Emojis used for drug communications by youths
The Ohio Narcotics Intelligence Center (ONIC) released a public safety bulletin alerting parents that emojis are being used by youth on social media and electronic communications to market, sell, and buy illegal drugs. Emojis used in drug communications commonly refer to the physical, psychological, or physiological characteristics of the drugs. The presence of these emojis in communications can be one indication of possible drug activity, though it is important to note that these meanings are not definitive and emojis can be used in other ways.
“The use of emojis in this manner is a nationwide trend, and our analysts are seeing it here in Ohio as they analyze electronic devices seized in ongoing drug investigations,” said Cynthia Peterman, ONIC Executive Director. “Although use of these emojis is most often harmless, it’s important that parents keep this alert in mind, especially if their child is showing other signs of withdrawal or drug abuse.”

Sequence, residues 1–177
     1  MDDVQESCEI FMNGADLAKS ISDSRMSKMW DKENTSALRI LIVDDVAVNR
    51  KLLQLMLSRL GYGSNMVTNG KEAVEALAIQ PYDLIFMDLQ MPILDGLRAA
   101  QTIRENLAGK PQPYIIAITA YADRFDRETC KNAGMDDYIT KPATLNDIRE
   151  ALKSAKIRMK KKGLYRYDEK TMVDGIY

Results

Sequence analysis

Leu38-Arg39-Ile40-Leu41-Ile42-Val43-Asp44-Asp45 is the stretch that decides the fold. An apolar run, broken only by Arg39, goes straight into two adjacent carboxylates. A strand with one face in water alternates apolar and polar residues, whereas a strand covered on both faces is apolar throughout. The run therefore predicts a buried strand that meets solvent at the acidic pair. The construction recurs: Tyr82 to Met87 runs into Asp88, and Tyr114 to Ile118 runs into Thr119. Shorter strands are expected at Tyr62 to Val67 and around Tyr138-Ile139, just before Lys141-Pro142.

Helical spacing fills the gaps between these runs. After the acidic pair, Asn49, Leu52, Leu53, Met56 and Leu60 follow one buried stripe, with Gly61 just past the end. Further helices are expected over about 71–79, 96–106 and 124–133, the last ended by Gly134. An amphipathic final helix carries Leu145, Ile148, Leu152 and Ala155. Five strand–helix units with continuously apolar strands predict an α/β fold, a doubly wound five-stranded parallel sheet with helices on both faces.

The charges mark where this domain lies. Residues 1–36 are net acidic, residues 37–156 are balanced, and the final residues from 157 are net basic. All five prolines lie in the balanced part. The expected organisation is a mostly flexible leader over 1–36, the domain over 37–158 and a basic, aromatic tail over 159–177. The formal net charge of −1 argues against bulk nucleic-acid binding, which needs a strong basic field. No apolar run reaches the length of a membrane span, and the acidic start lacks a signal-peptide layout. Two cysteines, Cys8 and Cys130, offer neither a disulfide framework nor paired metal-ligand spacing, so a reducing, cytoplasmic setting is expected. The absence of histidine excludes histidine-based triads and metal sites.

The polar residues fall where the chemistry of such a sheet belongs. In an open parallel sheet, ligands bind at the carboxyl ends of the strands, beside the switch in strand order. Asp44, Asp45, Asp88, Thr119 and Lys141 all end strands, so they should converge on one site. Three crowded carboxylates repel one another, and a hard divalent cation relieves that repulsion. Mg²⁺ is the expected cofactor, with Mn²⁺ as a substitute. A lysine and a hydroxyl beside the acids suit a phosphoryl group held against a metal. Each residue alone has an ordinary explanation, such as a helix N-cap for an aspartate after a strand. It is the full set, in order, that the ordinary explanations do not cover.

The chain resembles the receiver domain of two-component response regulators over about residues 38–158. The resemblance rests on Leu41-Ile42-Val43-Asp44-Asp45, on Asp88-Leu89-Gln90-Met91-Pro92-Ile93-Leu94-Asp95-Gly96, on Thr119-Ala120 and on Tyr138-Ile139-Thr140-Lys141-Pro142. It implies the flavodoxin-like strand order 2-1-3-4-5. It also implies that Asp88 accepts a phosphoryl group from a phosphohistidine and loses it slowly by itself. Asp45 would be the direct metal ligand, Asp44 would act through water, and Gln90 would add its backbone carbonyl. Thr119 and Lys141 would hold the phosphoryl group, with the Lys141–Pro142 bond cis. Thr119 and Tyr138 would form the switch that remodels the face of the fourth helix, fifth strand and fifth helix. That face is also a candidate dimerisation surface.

Emojis can refer to specific types of drugs such as a peeled banana for oxycodone/Percocet, a step ladder for alprazolam/Xanax, a snail for fentanyl, or a palm tree for marijuana. Emojis are also used in generic ways to denote a drug dealer with an electrical outlet plug or the price of a drug by using a concert ticket stub. Other general references include using a flame, gasoline pump, or goat to depict the high potency of a drug and an astronaut, rocket, or face with an exploding brain to describe the euphoria of drug use.
To report a drug tip to ONIC, please call 1.833.OHIO.NIC (644.6642).